Tuesday, 16 December 2014


Helen and I have been friends since we attended the University of New England (UNE) together. When I say together - I actually don’t mean we attended together pysically. We corresponded through the internet for five years…until 2006. We both completed our undergraduate teaching degree via correspondence. I was in Seattle and she was in Sydney. We did meet when we attended residential school in Armidale in 2006.

There, I finally met all the people who had supported me through five years of my undergraduate degree. At our table sat many friends, all with different religious beliefs. A born-again Christian, Jehovah's Witness, Muslim, and Catholic and yet we had never talked about our beliefs before. I did wonder why that was? But I realised our passion for 'Education' united us and had created this friendship.

When I returned to live in Australia, I called two of my uni friends. One, Helen from Sydney became one of my best friends. Every school holidays, Helen and I met for lunch. Sometimes she would bring her colleagues, sometimes it was just the two of us. At one point, Helen and I were speaking nearly everyday. She was my rock.

One day in the September holidays, we met at the Hilton for lunch, just the two of us. My husband called me and asked if we were still there. He was picking me up and told me it would be good if we finished up soon and he asked if Helen was ok. I didn’t quite understand what he was saying. When my family met us outside the hotel, they met Helen for the first time. Andrew went to shake her hand but she didn't respond. Andrew thought nothing of it since we’d lived and travelled throughout the world and understood that cultures vary. He asked if she was ok to get home and she said she was fine and set off toward the train station. When she left, I asked Andrew “What did you mean?” As we turned the corner I witnessed it for myself. The Muslim protests were happening in Sydney.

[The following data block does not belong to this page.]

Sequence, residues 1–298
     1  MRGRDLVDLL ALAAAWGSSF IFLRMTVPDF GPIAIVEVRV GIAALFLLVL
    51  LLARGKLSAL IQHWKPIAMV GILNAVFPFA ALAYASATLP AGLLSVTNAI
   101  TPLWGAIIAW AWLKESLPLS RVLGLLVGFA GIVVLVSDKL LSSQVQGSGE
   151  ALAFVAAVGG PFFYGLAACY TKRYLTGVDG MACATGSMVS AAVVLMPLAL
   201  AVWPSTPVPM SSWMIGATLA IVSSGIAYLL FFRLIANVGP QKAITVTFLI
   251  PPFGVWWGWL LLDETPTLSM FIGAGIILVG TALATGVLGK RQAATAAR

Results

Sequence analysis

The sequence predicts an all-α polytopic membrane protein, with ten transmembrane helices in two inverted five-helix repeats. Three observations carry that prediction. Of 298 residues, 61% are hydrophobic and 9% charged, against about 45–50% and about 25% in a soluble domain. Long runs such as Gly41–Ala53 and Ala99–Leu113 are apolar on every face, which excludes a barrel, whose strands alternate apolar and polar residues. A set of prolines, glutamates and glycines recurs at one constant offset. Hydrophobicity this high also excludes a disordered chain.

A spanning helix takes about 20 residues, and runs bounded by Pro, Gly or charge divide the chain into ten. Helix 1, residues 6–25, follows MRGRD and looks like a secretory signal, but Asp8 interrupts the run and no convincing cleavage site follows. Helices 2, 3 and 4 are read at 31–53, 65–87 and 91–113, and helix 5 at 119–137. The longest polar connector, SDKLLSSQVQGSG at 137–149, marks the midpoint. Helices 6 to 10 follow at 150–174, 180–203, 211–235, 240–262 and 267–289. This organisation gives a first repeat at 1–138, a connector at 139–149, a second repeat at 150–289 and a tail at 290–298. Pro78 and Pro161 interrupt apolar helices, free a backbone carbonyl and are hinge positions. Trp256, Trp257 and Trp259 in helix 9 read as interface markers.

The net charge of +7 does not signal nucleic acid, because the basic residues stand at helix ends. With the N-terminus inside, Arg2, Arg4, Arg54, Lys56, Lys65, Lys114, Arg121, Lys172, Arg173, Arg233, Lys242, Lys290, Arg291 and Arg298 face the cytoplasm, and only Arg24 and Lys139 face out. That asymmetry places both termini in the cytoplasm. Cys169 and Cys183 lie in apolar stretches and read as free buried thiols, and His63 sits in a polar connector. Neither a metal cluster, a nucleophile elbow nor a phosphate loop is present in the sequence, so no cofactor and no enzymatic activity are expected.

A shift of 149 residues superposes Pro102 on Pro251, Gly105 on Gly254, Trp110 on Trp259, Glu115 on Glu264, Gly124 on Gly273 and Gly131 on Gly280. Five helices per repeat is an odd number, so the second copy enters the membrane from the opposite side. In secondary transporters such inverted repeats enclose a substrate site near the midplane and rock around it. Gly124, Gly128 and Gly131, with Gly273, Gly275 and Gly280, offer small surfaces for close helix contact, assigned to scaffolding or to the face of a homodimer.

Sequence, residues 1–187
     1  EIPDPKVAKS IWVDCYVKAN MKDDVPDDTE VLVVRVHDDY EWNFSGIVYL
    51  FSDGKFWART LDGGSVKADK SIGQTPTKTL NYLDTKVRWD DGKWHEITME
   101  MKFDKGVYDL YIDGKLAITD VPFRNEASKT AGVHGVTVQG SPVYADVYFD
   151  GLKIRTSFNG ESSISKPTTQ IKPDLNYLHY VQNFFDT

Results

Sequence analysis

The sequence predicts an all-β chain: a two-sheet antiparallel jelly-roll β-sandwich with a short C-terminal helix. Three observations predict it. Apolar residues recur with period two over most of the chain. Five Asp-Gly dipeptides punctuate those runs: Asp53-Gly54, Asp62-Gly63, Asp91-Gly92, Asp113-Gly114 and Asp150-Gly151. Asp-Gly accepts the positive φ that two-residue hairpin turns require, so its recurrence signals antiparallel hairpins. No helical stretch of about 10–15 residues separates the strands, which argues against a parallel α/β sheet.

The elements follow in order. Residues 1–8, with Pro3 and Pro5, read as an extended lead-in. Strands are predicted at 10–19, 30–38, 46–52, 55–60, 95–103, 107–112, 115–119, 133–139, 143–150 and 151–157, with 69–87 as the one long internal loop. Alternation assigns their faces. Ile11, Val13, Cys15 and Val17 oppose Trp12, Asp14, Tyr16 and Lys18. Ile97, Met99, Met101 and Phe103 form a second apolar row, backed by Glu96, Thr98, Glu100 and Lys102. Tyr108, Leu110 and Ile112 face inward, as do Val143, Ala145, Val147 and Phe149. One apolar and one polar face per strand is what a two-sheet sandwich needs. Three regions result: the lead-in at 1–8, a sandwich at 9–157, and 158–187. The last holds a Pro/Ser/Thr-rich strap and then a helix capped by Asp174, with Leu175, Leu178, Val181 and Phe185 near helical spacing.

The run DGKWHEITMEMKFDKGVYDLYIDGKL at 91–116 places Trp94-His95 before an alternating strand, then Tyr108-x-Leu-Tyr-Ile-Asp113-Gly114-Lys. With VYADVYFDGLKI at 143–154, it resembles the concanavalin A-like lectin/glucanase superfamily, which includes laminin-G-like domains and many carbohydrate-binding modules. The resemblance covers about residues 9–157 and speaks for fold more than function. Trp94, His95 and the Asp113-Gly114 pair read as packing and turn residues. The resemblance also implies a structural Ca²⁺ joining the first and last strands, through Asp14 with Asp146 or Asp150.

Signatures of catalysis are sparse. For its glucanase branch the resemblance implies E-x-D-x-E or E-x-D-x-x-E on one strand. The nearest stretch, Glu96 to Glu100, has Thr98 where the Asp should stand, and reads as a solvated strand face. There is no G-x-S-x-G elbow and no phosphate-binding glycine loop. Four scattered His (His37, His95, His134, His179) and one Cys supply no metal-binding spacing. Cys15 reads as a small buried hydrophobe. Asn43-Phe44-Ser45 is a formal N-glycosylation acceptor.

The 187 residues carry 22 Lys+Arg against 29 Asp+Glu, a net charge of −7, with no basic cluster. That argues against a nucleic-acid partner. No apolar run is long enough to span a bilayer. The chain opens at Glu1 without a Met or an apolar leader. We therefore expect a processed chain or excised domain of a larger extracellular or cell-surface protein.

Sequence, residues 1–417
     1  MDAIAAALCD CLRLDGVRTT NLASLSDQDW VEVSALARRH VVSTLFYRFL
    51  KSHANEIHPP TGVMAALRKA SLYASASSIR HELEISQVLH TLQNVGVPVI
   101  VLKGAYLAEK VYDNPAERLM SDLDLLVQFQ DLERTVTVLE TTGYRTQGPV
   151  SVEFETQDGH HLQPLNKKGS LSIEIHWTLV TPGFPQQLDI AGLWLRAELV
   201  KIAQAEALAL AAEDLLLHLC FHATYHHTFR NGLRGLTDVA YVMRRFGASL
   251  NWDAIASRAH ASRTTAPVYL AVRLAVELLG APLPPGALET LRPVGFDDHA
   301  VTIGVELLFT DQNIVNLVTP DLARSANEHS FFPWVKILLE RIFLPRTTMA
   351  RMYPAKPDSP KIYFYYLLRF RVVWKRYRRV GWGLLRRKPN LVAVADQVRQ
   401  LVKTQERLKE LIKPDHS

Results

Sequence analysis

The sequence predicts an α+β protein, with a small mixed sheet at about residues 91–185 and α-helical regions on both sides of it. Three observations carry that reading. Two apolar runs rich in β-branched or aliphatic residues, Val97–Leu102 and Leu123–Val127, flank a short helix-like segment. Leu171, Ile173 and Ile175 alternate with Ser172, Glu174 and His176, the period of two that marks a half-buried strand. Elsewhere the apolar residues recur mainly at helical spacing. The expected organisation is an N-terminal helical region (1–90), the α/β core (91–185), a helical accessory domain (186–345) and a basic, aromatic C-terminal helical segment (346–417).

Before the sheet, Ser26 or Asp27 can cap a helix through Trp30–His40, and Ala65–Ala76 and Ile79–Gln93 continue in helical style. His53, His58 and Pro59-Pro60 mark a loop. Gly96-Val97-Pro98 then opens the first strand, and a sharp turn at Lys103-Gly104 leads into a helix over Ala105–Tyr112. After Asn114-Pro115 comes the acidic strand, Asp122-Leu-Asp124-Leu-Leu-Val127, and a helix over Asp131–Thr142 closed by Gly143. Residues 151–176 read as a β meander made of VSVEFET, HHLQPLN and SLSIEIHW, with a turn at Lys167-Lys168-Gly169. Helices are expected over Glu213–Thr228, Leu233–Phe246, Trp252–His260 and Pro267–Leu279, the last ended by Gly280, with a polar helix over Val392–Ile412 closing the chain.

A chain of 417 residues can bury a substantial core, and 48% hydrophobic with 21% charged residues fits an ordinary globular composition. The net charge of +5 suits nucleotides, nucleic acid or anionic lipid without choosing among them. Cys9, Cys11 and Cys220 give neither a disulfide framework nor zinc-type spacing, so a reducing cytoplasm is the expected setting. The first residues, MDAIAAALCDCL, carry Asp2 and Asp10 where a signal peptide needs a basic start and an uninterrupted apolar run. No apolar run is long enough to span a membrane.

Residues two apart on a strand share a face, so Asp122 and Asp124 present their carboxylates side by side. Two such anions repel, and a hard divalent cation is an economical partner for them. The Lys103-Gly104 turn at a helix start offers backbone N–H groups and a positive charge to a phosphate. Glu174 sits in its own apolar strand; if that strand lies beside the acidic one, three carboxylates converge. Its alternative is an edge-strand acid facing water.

I was worried…what if someone took his or her anger out on Helen. I shared my concern with Andrew. So we messaged Helen to learn if she was safe. She texted - please explain to Andrew that she was sorry… sorry she couldn’t shake his hand, the hand of a male. I was still worried about her on the train, especially after walking around the streets where people were loudly sharing their beliefs. The tension was evident and I was concerned. When I got home, I texted Helen to make sure she was home safe. She hadn’t realised what had happened until she arrived home and watched the news. 

Today, my husband was in lockdown in a building a block away from the Martin Street Siege. When he arrived home tonight, I mentioned what was happening on the news and on Twitter #illridewithyou. We talked about how scared I was for Helen over two years ago and how worried I was that people would take their anger out on anyone who resembled the religion of Islam.

Last year, Helen and her students helped my students learn about Islam as part of our unit on 'People and their beliefs'. The hijab was probably something that my students were most interested in. One of my goals as an educator is to help my students learn about various beliefs, religions and cultures. As global citizens, I hope they develop an understanding and empathy for all. I am proud that my children and students live in a generation where people have a better understanding of various beliefs and cultures. I respect Helen's beliefs and treasure her friendship. The people of Sydney and Australia showed their support and solidarity and #illridewithyou reflected this when it trended on Twitter.


Our prayers, thoughts and hearts go out to the those and the families involved in the Sydney siege.

1 comment:

  1. I think how you initially met, connected by your passion for education, is what we should be about. Talking "blind", unburdened by preconceived images or ideas meant that you could focus on what you had in common, rather than what may have been different. We waste so much time focusing on "different" rather than celebrating "connection". I wish more people could meet like this, or at least, open themselves up to being vulnerable in meeting like this, what a difference that would make. A great read, and pertinent lesson.